I made joke in Korean and my wife and her friends totally failed to get it. We had dinner at a harbourside fish and chip shop, and she bought ginger beer for me, despite that fact that she’s next seen me drinking ginger beer, which is because I never do. I said “I don’t drink this. I don’t like this.” She said “It’s beer. You drink beer.” I said “진짜 beer?” (jin-jja beer, (is it) really beer?). Haha.

I found out later that 찐자 (jjin-ja) means ‘steamed’, so with my pronunciation it might have been possible that I was asking whether it was steamed beer (whatever that is). I asked her after we got home, and she said she thought I had simply said ginger beer.

Ginger, 진짜 and 찐자 aren’t homophones, but are close enough for the joke to potentially work. Ginger is actually closer to 찐자 so if I ever have steamed beer, I’ll try again.


plurals, proverbs

Our boss is prone to saying random things. Or maybe there’s a context which I don’t hear before I hear the thing which sounds random.

(moderately strong language)

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When I press the button at the bottom of my mobile phone, the first screen has the time and date at the top and the instruction ‘Swipe screen to unlock’ at the bottom. In the middle are various bits of information, including notifications of missed calls or voice messages, and news from Google. Earlier today, the new was “New LPA to boost rains from habagat”. I have no idea what that means and equally no idea why Google would think I was interested. Some research was necessary.

Searching Google found the article on, the headline of which had one extra, even more baffling word “New LPA to boost rains from habagat, ‘Falcon’”. The first paragraph makes almost everything clear:

MANILA, Philippines — A new low pressure area west of the Philippines will further enhance the southwest monsoon and Tropical Storm “Falcon” (international name: Danas).

So an LPA is a low pressure area (is this really commonly used in Filipino news headlines?), a/the/- habagat is the south-west monsoon (“characterized by hot and humid weather, frequent heavy rainfall, and a prevailing wind from the west” and lasting May/June to Nov/Dec – Wikipedia), and “Falcon” is an officially named tropical storm. (For the rest of the year, the prevailing weather is the amihan – “moderate temperatures, little or no rainfall, and a prevailing wind from the east”.)

What it doesn’t make clear is why Google thinks I would be interested.

PS I can imagine an Australian news source using “low” and “high” in a headline, but not LPA or HPA.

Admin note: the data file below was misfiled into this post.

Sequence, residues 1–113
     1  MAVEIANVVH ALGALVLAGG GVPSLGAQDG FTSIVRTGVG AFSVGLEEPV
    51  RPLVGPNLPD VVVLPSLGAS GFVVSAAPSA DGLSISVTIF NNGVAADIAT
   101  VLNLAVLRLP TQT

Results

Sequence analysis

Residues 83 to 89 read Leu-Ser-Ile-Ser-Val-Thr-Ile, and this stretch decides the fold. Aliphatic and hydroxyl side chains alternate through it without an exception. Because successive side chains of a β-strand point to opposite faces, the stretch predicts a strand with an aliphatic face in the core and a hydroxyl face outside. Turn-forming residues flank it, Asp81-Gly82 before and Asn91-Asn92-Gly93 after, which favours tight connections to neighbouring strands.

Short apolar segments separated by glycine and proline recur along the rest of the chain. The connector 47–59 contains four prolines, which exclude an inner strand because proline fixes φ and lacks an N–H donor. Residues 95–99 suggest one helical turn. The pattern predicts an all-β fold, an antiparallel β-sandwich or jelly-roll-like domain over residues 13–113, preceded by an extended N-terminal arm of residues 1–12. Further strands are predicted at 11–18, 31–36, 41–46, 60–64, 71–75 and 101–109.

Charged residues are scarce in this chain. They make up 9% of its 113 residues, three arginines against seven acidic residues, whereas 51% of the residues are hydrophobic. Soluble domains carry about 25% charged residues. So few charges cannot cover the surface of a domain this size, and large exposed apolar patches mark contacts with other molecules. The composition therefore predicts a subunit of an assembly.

Cyte, cite, site, sight

Yesterday I saw a car belonging to a pathology laboratory named 4cyte (presumably pronounced ‘foresight’). Cyte is not a word by itself: *“We’re going to take a sample of your cytes for testing” (indeed Pages for Mac just changed cyte to cute and cytes to cites), but it occurs in many words meaning cell, all of which are highly technical. At the beginning of a word, it’s usually cyt– or cyto-. 

The Greek word doesn’t mean cell, though, because the Greeks didn’t know about cells. Kýtos means container, receptacle, body, and was later applied to cells. Cell, meanwhile, is from Latin cella, small room (whence, obviously cellar).

Cyte, cite (Latin, to move, set in motion, summon before a court), site (Latin, setting down, position, arrangement) and sight (Germanic, a thing seen, later the faculty of vision – I hadn’t previously realised that see and sight are etymologically related) are all unrelated. And then there’s excite and excel. Excite is related to cite (set in motion) but excel is from -cellere to rise high < celsus high. (The one ‘l’ is clue. I originally thought that excell was ‘out of the cell’.)

The optometrist’s/optician’s advertising itself as ‘A site for sore eyes’ may be a joke. 

(information from various online dictionaries and etymology sights)

damp airs

Our editor wrote and posted an article including that some circumstance was ‘putting a damper on’ some company’s activities. While he was at lunch, a colleague asked me if that should be ‘putting a dampener’. After some thought and no research, I said that both were correct, and that I wouldn’t change anything our editor wrote unless is was clearly incorrect.

I asked my Facebook friends what they would say/write, and their answers were basically split down the middle. I did some research and found that damper is used far more than dampener, including in the phrase ‘put a damper on’. 

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Yesterday, my wife and I had lunch in a coffee shop/café whose name is rendered


with the O as a stylised coffee bean. My linguistic analysis never completely stops, and I asked the waitress how this is pronounced. She said “Jez-ve”, so that’s not an O after all, but simply a stylised coffee bean. I then asked her what it means, and she said she didn’t know, but she’d ask the manager. If she did, she didn’t return to tell me, so I had to do some research when I got home. (What did people do before the internet?) If you don’t know, can you remotely guess?

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